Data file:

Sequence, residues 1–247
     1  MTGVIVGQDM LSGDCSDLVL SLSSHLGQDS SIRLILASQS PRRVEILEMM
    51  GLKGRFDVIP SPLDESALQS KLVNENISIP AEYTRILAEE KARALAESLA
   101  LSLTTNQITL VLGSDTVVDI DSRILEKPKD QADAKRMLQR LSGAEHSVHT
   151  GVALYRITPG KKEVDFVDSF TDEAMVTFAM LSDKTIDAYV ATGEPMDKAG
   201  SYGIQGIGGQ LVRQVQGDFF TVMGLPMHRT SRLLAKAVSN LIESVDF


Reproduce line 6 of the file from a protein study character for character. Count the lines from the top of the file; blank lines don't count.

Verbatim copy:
   201  SYGIQGIGGQ LVRQVQGDFF TVMGLPMHRT SRLLAKAVSN LIESVDF